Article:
GEDCOM Data Base for my
This Page last updated on
Use the search box above to search the tree or click on the
tree below to view my family tree starting at the index page:
Here are some notes about this data base.
I believe the information in my family tree data base is correct. You
should verify anything that you find here. In the notes for each
person, I use the words "possible" or "probable" to label information
that I am not confident about.
I use the Personal Ancestry File program to maintain this data. The PAF
program is available free from the LDS website.
The PAF program keeps
its data in its own data base but it can export the data in "GEDCOM"
format. This is the common genealogical format that many
read. Then I use the GED4WEB
program to convert the GEDCOM data into web
I add notes to each person in the GEDCOM data. The notes show
source of the information about that person. This is extremely
important to do because in a few months you will have completely
forgotten where the information came from -- I'm not always successful
though. For all of your hard genealogy research to be useful to others,
they must know the source of the information. Otherwise, it is useless.
In the notes, a reference to a "Film"
is to the microfilmed
Italian birth/marriage/death records available from the LDS Church
at their Family History Centers located all over the world. I
might make a reference such as "Film
1353702 Morti 1865
- this is LDS microfilm number 1353702, death record #23 for 1865 with
age of death of 67 years. US films are also available and you will see
those referenced as well. Many
are from churches in the US showing baptism/marriage/death information.
Microfilmed civil records prepared by the LDS Church are available for:
Villa Sant'Eufemia (VSE), a frazioni of
Caramanico, from 1809-1844,
Sant Eufemia (SE) 1845-1865
San Pietro Avellana (SPA) from
scanned records became available in 2014 for Sant'Eufemia a Maiella for
the years 1809 to 1911. In the notes, a reference to a "digital record"
means these newly scanned digital records done by "Gli Archivi per
la Ricerca Anagrafica". As of this writing, there are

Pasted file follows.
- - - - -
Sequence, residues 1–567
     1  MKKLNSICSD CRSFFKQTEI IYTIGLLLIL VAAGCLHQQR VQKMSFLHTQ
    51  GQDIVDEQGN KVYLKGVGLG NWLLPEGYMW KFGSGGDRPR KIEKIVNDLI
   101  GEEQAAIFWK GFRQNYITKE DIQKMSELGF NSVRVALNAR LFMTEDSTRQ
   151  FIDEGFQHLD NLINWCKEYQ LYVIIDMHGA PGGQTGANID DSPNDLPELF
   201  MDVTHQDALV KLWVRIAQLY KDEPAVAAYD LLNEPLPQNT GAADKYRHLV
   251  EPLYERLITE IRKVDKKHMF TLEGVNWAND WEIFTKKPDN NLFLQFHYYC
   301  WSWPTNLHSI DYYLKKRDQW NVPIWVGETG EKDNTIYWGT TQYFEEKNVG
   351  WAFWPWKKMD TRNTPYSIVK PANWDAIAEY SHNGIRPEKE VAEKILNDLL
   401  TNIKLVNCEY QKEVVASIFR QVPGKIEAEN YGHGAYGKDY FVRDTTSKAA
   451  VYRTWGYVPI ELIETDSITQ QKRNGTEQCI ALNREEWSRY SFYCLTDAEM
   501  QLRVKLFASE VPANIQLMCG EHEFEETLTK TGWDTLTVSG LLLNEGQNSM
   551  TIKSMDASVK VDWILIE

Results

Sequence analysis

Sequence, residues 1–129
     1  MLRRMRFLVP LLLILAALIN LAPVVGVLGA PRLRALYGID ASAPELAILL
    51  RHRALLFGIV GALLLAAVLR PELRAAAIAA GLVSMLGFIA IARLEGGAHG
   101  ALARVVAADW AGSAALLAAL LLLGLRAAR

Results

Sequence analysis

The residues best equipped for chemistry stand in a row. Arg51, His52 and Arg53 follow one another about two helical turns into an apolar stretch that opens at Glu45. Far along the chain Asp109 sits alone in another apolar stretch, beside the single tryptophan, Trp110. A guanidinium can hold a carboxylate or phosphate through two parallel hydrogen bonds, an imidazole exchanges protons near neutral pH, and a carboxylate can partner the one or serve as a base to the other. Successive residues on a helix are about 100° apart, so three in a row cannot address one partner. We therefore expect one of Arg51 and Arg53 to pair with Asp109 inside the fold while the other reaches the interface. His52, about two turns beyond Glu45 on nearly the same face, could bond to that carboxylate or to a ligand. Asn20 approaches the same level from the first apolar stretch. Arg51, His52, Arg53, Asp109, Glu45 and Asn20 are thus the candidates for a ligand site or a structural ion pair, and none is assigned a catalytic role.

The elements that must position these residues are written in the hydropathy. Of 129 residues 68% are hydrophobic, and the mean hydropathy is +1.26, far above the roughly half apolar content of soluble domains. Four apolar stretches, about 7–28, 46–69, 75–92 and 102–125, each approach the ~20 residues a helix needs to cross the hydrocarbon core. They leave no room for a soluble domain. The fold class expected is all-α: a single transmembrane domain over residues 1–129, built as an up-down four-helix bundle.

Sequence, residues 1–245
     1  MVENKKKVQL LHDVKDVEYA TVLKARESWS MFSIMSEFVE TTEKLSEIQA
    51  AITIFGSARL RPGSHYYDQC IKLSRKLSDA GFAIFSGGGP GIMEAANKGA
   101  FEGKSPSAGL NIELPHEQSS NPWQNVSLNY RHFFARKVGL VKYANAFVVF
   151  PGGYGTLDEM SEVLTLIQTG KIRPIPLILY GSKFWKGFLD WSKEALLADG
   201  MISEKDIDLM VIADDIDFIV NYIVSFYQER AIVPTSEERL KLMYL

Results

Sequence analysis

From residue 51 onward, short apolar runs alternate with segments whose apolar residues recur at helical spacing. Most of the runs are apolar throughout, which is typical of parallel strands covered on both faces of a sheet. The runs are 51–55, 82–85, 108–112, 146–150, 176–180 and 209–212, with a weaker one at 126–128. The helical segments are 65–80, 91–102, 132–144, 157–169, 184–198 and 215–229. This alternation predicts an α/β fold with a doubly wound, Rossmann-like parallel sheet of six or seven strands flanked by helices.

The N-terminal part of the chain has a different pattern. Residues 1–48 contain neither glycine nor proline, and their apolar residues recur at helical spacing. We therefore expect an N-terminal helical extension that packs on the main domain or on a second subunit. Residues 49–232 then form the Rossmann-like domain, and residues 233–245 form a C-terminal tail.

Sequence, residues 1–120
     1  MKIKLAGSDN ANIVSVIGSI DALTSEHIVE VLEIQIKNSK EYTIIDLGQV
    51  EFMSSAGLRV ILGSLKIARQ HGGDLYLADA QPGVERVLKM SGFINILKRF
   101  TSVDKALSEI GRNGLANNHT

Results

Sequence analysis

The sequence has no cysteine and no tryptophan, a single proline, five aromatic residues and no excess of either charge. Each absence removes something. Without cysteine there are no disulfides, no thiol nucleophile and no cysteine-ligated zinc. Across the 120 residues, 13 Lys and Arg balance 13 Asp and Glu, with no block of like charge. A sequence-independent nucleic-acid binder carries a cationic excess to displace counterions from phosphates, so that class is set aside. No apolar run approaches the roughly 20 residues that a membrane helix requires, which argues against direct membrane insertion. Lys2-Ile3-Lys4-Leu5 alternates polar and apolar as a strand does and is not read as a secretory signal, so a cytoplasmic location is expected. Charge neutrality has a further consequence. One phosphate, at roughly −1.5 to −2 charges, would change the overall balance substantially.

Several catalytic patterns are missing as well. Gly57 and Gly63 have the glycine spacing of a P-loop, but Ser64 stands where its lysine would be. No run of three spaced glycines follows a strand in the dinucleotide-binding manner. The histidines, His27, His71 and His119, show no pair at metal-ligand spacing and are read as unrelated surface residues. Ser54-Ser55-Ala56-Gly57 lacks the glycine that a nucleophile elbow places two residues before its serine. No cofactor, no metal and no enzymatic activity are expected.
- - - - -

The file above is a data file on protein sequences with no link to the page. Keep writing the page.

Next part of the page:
various civil records (birth - marriage - death) available covering the
years 1809-1911 (with many
missing years) from my father's hometown of Sant'Eufemia a Maiella
(SEaM). You can view these records on-line at The Italian
Archives for Genealogical Research - http://www.antenati.san.beniculturali.it/. These records are described on my links web page.
of 2018, digitally scanned records became available from
my mother's hometown of San Pietro
Avellana (SPA) from 1809 to 1899 which consist of civil records (birth
- marriage - death). You can view these records on-line at
Archives for Genealogical Research - http://www.antenati.san.beniculturali.it/. These records are described on my links web page. In the notes, a reference to a "digital record"
means these newly scanned digital records done by "Gli Archivi per la Ricerca Anagrafica".
2014, Pennslyvania Death Certificates from 1906-1944 became
available on a free to residents of Pennsylvania page at ancestry.com
or if you have an ancestry account. Click
here. In my GED data, I reference those records as "19xx PA DC". For me,
they have been very valuable to get names of parents of people who died.
I tried to only use the birth year for any person still living. I leave
off the birth month and day for privacy reasons. Let me know if you
find one that I missed and I'll fix it.
Once a person dies, their birth & death dates and their Social
Security Account Number become public
and can be found on any genealogy web site. No living
should be in my data base.
use of my family tree information --- I make my family tree available so all of my
can use it. You may extract data from it and put it into your
family tree. PLEASE don't upload my family tree in full to any
site. I ask this because once my family tree is uploaded to a searchable web
site, I can't do searches on that site anymore. In effect, you
polluted that web site for me --- any search that I make to look for
ancestors, just returns my data. Once you extract the data into
family tree, you may, of course, do whatever you want with it.
When a person was generally known by their
middle name, that name is CAPITALIZED. In Italy,
Maria Domenica's, Maria Rosa's, Maria Giuseppa's, Maria Grazia's, etc
who were known by their middle
name. Some, of course, were just known as Maria. Sometimes, if a person
had an unusual first name, they used their
middle name (Gesudato CARMINE Frazzini). Some used a nickname
which I put in quotes (Compagno Nuovo Emangipato Perfetto
Here are some words about "administrative names" from Trafford Cole and
his book Italian
Genealogical Records: How to Use Italian Civil, Ecclesiastical,
& Other Records in Family History Research:
|In Italy today there is a difference between a person's
name and the "administrative" name used by the anagrafe office.
Usually, the administrative name is the person's first (given) name, or
the first two if they go together as one name - for example, Maria Rosa
or Gian Paolo - whereas the full name may include several names. Only